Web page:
January 18, 2016 4:00 AM, EST

Truck-Crash Deaths Down

Fatality Rate Also Drops in 2014, Data Show
City of Industry
This story appears in the Jan. 18 print edition of Transport Topics.

The rate and total number of fatalities involving trucks weighing at least 10,000 pounds declined in 2014 from the prior year, according to newly released federal data.

The vehicles included generally range from Classes 3-8. They drove 4 billion more miles in 2014 than during the previous year, but 61 fewer people died in crashes involving trucks, according to an analysis of government data by American Trucking Associations.

With trucks driving more than 279 billion miles overall and 3,903 truck-involved fatalities occurring, the fatality rate fell for a second straight year to 1.4 per 100 million miles. The fatality rate has sunk 40.6% over the past decade, according to statistics compiled by the Federal Highway Administration and the National Highway Traffic Safety Administration and reviewed by ATA.

“The short-term decline is welcome news, but the important figure is the long-term trend,” ATA President Bill Graves said. “Short-term changes, whether they’re increases or declines, can be blips — and just like you shouldn’t track your 401(k) on a daily basis, they shouldn’t be the primary lens truck safety is viewed through. The long-term trend — in this case, a more than 40% improvement — is of paramount importance.”

The fatality rate for all vehicles also declined, to 1.08 in 2014 from 1.09 fatalities per million miles traveled in 2013. The total number of fatalities for all vehicles also dropped to 32,675 in 2014 from 32,719 in 2013, according to government data.

“Our industry has worked hard and invested in technology and training to improve highway safety, not just for our drivers but for all motorists,” said Dave Osiecki, ATA chief of national advocacy. “And while there is more work to do, it is gratifying to see those efforts paying off in safer roads for all of us.”

But Henry Jasny, general counsel for the Advocates for Highway and Auto Safety, welcomed the rate’s decline while sounding a cautionary note.

“It’s a marginal improvement, but we don’t know that it will last for the long term,” Jasny said. “We don’t put a lot of stock in the fatality rate because the rate can go down even as the number of crashes and the number of fatalities go up. We’re happy that the rate was down and that there were fewer deaths in 2014, but we’d like to see that continue.”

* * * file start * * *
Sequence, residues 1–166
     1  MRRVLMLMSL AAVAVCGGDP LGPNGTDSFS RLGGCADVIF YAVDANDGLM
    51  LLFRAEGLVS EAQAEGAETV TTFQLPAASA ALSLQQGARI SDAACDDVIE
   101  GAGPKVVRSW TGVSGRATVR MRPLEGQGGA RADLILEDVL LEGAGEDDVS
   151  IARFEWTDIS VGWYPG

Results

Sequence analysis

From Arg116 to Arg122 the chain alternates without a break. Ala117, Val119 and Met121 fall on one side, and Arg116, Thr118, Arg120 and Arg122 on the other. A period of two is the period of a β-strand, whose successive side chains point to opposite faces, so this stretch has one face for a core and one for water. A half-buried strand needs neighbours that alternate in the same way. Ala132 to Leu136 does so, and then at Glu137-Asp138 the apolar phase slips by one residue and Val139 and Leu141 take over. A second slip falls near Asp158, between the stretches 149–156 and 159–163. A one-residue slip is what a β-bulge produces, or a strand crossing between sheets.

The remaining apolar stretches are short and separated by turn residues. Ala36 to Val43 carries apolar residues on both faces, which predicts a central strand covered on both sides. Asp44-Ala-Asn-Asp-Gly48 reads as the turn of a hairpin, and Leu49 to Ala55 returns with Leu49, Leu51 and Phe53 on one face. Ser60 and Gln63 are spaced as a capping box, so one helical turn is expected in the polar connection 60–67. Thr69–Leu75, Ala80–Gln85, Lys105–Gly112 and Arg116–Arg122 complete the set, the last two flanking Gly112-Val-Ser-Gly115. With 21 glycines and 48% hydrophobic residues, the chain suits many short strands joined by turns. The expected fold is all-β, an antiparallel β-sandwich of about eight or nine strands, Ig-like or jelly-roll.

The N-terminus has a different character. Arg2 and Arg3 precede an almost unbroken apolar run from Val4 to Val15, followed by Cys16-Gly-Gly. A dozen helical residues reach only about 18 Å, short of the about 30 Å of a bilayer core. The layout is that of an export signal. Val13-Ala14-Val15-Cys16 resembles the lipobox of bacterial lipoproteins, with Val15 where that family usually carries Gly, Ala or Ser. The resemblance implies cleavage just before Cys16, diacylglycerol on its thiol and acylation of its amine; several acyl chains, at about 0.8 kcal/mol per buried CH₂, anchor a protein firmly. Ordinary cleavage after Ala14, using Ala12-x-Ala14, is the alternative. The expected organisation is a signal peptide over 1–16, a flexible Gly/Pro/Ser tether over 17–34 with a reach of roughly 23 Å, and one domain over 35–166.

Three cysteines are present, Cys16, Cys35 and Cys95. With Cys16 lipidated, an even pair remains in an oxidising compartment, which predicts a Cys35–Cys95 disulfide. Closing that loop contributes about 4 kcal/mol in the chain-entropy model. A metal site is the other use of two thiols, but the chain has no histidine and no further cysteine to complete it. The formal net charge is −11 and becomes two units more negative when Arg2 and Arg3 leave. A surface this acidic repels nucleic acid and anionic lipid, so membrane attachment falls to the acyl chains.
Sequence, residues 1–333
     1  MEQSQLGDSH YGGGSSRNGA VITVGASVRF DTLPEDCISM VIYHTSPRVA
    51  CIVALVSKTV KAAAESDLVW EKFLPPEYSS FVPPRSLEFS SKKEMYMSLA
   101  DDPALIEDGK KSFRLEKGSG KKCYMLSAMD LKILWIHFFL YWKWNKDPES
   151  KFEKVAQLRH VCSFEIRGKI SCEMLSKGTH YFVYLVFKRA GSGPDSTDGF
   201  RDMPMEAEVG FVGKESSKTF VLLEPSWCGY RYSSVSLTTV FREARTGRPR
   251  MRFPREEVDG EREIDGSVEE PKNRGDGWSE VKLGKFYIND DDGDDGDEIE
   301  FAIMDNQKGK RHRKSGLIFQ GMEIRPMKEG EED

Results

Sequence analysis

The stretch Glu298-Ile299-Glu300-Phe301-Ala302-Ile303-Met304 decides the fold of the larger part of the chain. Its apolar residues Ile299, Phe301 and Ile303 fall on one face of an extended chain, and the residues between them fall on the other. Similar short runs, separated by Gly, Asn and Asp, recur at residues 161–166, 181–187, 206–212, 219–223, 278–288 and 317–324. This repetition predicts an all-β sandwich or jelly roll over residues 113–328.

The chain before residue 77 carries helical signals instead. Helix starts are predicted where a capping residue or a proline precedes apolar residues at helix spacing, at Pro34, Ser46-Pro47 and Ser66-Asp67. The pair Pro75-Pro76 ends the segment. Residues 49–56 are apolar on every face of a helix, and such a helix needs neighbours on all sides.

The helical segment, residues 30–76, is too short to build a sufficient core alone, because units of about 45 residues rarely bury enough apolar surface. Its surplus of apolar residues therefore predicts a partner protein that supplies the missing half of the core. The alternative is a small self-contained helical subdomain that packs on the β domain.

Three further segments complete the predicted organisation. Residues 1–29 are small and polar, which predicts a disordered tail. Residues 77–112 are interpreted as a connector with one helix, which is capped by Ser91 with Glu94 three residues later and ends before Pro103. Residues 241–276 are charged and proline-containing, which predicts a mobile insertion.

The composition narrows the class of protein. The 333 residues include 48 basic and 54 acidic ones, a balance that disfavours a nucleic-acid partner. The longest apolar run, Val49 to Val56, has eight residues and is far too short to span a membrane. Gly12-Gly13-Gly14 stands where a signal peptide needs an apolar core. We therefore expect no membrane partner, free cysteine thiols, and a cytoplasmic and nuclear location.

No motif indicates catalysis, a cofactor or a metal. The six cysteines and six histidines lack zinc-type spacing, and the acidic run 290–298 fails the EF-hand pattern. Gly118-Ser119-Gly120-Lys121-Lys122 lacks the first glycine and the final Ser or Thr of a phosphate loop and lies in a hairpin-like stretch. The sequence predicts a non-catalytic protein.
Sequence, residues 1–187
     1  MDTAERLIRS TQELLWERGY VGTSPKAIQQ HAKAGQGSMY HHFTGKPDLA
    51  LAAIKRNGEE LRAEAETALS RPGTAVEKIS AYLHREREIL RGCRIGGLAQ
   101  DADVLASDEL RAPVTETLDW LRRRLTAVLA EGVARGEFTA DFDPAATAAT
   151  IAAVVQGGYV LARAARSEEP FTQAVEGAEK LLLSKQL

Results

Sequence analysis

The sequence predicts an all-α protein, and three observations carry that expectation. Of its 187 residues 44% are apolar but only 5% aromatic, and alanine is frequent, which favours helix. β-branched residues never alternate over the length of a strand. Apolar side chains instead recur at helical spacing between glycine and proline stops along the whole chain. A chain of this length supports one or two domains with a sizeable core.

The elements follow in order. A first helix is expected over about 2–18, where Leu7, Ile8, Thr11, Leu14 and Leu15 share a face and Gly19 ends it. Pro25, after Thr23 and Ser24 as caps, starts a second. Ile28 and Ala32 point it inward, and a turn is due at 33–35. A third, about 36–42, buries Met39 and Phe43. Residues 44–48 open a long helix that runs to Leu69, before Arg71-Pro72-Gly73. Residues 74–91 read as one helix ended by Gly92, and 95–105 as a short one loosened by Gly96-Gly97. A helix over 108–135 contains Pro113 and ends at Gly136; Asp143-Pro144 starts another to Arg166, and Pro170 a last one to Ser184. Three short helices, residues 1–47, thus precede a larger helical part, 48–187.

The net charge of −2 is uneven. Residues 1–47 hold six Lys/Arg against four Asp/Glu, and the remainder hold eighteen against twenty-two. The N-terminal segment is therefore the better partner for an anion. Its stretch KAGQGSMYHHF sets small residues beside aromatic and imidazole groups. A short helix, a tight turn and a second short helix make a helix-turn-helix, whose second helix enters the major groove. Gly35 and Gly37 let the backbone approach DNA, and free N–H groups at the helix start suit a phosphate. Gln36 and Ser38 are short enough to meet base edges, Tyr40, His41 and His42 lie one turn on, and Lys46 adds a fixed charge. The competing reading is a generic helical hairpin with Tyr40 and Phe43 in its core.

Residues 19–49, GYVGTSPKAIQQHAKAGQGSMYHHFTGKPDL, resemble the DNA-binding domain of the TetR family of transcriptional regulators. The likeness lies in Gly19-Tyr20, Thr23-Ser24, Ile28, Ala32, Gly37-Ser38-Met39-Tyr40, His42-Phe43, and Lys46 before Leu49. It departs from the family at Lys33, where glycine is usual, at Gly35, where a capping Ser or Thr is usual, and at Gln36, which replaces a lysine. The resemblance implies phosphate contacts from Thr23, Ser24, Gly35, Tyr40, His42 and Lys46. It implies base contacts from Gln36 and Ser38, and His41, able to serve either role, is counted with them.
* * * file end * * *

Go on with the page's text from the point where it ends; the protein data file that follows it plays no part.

So does Steve Owings, Road Safe America’s co-founder.

“We at Road Safe America are happy to see this trend line changing directions,” Owings said. “We hope that, with additional improvements, this will begin a dramatic reduction in these tragic crashes that cause death, destruction and injuries to too many citizens each year. All American motorists look forward to the time when big-rig crashes are as rare as they are on our airlines.

Russ Rader, a spokesman for the Insurance Institute for Highway Safety, said he couldn’t comment on ATA’s report because his group hasn’t been able to independently review the 2014 fatality data. IIHS’ numbers exclude camper and motor home crash deaths, which typically are grouped in the federal statistics on large trucks and buses.

Speaking at the Transportation Research Board’s annual meeting Jan. 11, John “Jack” Van Steenburg, chief safety officer of the Federal Motor Carrier Safety Administration, said that, while fatal crashes involving large trucks and buses are down since 2004, they generally have been rising since 2009, the bottom of the recession. Illinois and New York had the largest decreases in 2014, while Oklahoma and California had the largest increases.